I’d be interested to hear from you. Do the areas represented in this model resonate with your own experiences? Which factors have you noticed tend to be most attended to or ignored? Do you have any real-life, practical examples of how you have addressed these factors and what happened as a result? In your experience, what other factors make the biggest difference?
What is it that makes certain individuals stand out from the crowd? How is it that some people resist peer pressure, seize the initiative and radically break the mould? Is this kind of personal leadership, the ability to think freely, move proactively and act autonomously, something we should seek to attract and nurture in organisations? Could it release fresh energy, inspiration and innovation? The relationship between an individual, group and organisation is complex. Organisations as groups often foster consistency, continuity and conformity. We test people during recruitment for their potential fit, we induct and orientate people into the existing culture and we performance manage people to deliver preconceived products and services.
It’s a brave organisation that recruits and develops social revolutionaries, people who will instinctively challenge the status quo, think laterally, refuse to accept time-honoured traditions and push for something new. For leaders who operate in a conventional management paradigm, it can feel threatening, confusing and chaotic. The risks can seem too high and too dangerous. I worked in one organisation where we recognised our culture had become too settled, too complacent, too safe. People often commented on its warm, supportive relational nature but it lacked its former edginess, struggled to deal with conflict and desperately needed to innovate. The challenge was how to introduce and sustain a shift without evoking defensiveness.
Social psychologists offer some valuable insights here, for instance in terms of social loafing and diffusion of responsibility where individuals are less likely to act independently or with the same degree of effort if they perceive themselves as part of a wider group where responsibility is shared. A challenge in this organisation was how to stimulate personal initiative and responsibility. Social conformity is another social psychological factor where people are likely to act consistently with the norms of a group if it provides them with a sense of acceptance and belonging within that group, or the approval of a perceived authority figure. A challenge in this organisation was how to ensure that personal initiative and responsibility were valued and affirmed.
We took a four pronged approach. Firstly, we worked with the leadership team with a skilled external consultant known for his outspoken, courageous, challenging style to develop a more robust leadership culture, capable of open and honest conversations without fear that this would undermine relationships. This enabled the top team to model a new cultural style. Secondly, we introduced a simple behavioural framework that positively affirmed personal leadership in terms including personal initiative, personal responsibility, creative thinking and innovative practice. This framework was embedded into the organisation’s recruitment and performance development to attract, develop and reward these qualities and capabilities.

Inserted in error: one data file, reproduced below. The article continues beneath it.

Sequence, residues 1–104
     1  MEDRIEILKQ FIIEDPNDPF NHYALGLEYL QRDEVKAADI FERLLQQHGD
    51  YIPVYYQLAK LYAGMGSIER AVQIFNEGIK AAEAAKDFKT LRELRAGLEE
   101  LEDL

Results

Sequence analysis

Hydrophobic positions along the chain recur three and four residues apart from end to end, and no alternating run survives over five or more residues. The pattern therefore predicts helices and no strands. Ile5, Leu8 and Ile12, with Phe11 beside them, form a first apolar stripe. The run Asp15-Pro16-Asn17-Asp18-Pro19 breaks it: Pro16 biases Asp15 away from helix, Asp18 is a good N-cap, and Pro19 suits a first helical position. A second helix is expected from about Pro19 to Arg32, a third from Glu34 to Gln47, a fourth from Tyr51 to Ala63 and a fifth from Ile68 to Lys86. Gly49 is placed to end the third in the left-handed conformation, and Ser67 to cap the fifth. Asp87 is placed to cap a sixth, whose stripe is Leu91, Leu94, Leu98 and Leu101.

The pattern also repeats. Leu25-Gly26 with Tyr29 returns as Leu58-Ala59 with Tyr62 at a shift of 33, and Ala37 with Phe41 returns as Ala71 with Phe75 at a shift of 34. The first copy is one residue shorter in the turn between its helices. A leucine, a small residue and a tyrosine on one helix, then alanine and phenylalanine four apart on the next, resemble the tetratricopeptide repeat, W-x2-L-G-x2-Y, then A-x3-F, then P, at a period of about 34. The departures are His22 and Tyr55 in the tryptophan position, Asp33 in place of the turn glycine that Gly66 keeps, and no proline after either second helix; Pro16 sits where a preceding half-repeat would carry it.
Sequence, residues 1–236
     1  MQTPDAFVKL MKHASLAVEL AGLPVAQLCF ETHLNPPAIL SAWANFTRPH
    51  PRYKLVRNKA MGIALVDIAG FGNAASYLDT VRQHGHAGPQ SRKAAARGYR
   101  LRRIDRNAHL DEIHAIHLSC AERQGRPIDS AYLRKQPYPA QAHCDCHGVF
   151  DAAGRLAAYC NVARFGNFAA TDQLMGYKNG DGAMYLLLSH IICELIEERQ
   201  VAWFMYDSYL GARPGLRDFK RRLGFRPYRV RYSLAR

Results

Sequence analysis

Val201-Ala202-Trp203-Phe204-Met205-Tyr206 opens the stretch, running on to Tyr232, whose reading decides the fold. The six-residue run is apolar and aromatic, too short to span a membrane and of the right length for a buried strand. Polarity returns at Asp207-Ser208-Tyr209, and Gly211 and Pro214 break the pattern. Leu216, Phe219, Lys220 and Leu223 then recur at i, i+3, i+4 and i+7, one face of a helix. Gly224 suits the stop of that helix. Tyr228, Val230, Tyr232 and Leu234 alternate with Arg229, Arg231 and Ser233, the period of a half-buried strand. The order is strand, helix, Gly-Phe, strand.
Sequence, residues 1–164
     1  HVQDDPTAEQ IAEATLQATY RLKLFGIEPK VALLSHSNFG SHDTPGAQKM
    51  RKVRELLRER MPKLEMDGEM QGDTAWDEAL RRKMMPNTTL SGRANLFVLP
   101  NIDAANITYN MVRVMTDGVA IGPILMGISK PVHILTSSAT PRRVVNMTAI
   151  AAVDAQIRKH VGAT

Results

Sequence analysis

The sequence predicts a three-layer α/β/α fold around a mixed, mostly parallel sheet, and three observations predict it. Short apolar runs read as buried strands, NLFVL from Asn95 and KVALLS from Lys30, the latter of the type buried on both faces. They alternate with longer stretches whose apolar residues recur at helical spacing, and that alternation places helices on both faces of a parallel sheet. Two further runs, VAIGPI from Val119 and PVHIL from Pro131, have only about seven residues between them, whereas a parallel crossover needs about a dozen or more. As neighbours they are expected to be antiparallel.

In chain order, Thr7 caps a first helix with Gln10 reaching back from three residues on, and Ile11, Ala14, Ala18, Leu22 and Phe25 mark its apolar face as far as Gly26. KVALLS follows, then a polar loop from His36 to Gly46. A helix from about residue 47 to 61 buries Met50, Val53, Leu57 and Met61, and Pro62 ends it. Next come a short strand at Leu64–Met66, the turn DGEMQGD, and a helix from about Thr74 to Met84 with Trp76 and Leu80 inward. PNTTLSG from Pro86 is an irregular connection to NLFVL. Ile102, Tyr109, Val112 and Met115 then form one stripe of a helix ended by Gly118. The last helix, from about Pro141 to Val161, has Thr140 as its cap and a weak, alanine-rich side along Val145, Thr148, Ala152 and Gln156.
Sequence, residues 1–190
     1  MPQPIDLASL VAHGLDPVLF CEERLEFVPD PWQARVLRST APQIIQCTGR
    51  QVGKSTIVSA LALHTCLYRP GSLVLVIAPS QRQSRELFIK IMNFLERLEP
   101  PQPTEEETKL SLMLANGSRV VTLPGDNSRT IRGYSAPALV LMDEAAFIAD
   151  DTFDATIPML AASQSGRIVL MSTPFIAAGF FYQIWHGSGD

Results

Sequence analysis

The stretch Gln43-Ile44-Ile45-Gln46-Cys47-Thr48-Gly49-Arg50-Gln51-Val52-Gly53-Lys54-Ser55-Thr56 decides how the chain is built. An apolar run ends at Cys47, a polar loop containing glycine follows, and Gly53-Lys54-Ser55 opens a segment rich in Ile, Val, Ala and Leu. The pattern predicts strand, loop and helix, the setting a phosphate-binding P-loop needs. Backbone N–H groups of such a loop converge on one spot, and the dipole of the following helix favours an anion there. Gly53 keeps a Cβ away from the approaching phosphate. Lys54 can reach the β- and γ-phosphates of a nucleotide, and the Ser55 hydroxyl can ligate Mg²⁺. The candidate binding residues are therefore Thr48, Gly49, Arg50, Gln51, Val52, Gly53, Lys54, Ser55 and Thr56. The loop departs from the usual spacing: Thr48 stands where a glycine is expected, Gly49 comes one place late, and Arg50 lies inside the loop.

Thirdly, we held an annual ceremony where staff were invited to nominate peers for awards where they had seen positive examples of such qualities demonstrated in practice. The peer aspect helped raise awareness and reinforce personal leadership as a cultural quality valued and affirmed by the organisation and to capture real stories that illustrated what it looked like in practice. Fourthly, we created a new innovation post, appointed an innovation enthusiast and allocated a new budget to stimulate and enable creative thinking and innovation across the organisation. This created a culture shift and a tangible symbol of the leaders’commitment to move in this direction. A willingness to question the status quo became a cultural value.
A corresponding challenge was how to engender a spirit of personal leadership that took the wider system and relationships into account. If individuals only operated independently and didn’t take account of or responsibility for the implications of their decisions and actions on others, relationships would become strained, the organisation would become chaotic and it wouldn’t achieve its goals. To address this issue, we introduced the notion of shared leadership alongside personal leadership, emphasising and affirming the value of collaborative working alongside independent initiative. This too was reflected in the annual staff award ceremony and in recruitment, development and rewards. It was a matter of creative balance.
As a tool for developing greater personal and shared leadership, I have found the following questions can be helpful: Who are my cultural role models? Who have I seen demonstrate great personal leadership? What can I learn from them? What would it take to contribute my best in this situation? What will I do to make sure it happens? In the past 12 months, where have I shown personal initiative? When have I held back from saying what I really thought or felt for fear of disapproval? What are the impacts of my actions on others? How far do I take responsibility to help others manage the implications of my decisions? How can I work collaboratively to achieve better win-win solutions? What difference do I want my life to make here?
I'm a psychological coach, trainer and OD consultant. Curious to discover how can I help you? Get in touch!